ARRL

Chapter Five: The Club Connection

Chapter Five: The Club Connection

 

5.1 General 

Clubs are groups of people with some common interest, who meet periodically. Active radio clubs typically consider the common interest to be programs which promote the technical aspects of Amateur Radio and help their members. The successful club has found that technical awareness and interest must begin with an amateur's earliest experience in the hobby, particularly in licensing classes and at club meetings. Radio club events are among the most popular of all Amateur Radio activities.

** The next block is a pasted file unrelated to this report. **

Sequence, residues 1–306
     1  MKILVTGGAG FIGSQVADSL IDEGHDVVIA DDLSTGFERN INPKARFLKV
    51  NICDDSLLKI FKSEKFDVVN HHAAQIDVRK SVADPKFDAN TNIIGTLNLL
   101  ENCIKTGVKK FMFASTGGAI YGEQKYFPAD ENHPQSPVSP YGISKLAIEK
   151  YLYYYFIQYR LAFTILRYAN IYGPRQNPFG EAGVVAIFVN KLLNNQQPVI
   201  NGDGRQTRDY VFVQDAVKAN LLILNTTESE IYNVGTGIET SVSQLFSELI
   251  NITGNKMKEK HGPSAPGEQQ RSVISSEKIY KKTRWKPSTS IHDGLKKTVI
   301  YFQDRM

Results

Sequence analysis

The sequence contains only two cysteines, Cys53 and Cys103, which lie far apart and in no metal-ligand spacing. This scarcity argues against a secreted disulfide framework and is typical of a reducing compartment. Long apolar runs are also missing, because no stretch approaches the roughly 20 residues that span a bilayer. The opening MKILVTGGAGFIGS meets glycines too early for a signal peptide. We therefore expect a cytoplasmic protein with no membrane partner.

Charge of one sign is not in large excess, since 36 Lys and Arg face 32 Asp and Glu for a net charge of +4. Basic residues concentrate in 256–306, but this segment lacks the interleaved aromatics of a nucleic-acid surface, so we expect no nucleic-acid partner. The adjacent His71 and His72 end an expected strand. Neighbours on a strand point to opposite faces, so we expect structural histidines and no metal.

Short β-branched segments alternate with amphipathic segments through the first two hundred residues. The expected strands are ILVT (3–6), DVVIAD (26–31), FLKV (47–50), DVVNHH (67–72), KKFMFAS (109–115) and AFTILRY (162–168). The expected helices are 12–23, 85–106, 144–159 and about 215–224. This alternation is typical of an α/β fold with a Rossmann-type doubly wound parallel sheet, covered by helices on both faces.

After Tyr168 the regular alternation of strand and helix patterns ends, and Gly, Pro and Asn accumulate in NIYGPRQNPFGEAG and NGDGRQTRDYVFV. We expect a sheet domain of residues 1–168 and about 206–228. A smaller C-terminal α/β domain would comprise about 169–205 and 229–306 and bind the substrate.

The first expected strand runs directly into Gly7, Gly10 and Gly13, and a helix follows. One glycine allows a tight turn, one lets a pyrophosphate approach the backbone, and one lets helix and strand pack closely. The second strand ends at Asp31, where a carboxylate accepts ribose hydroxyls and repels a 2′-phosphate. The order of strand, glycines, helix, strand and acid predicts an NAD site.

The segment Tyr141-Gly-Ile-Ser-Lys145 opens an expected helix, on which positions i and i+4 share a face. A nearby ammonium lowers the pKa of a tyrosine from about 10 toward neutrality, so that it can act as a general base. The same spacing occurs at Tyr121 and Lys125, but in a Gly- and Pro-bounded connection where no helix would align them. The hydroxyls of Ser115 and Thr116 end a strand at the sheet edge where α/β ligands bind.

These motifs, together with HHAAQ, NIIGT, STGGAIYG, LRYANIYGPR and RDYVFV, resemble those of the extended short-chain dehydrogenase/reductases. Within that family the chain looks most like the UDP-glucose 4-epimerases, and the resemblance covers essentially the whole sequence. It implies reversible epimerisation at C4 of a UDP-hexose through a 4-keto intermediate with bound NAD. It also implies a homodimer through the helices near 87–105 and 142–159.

New amateurs or to-be amateurs should be encouraged to learn more about how their rigs work and a few of the fundamentals for diagnosing and remedying problems. Information on how to set up a station for efficient operation and how to determine that it is operating properly, should also be provided. An introduction to the specialized modes of communications (packet radio, ATV, moonbounce, and satellites) and some of the technical specialties within Amateur Radio is an important part of this program. The emphasis at this point should not be on detailed technical information, but to make the new amateur aware of the variety of interesting technical activities within Amateur Radio and the opportunity to gain a good practical background in many phases of modern electronics and communications. Publicity and recognition that clubs can give should be employed to reward the efforts of achievers and neophytes alike. What in particular can TCs do to stimulate club interest in technical activities? For starters they can show films, slides, and video tapes, available from the ARRL, to see exciting new facets of ham radio. Next they could design, build, and test tutorial technical projects to be adopted into club programs of continuing education. Keep in mind that one of Amateur Radio's reasons for being is technical competence. Club meetings nourished with technical tidbits give members starving for technical knowledge something to chew on, then once they gain strength it's up to you to help vary the menu.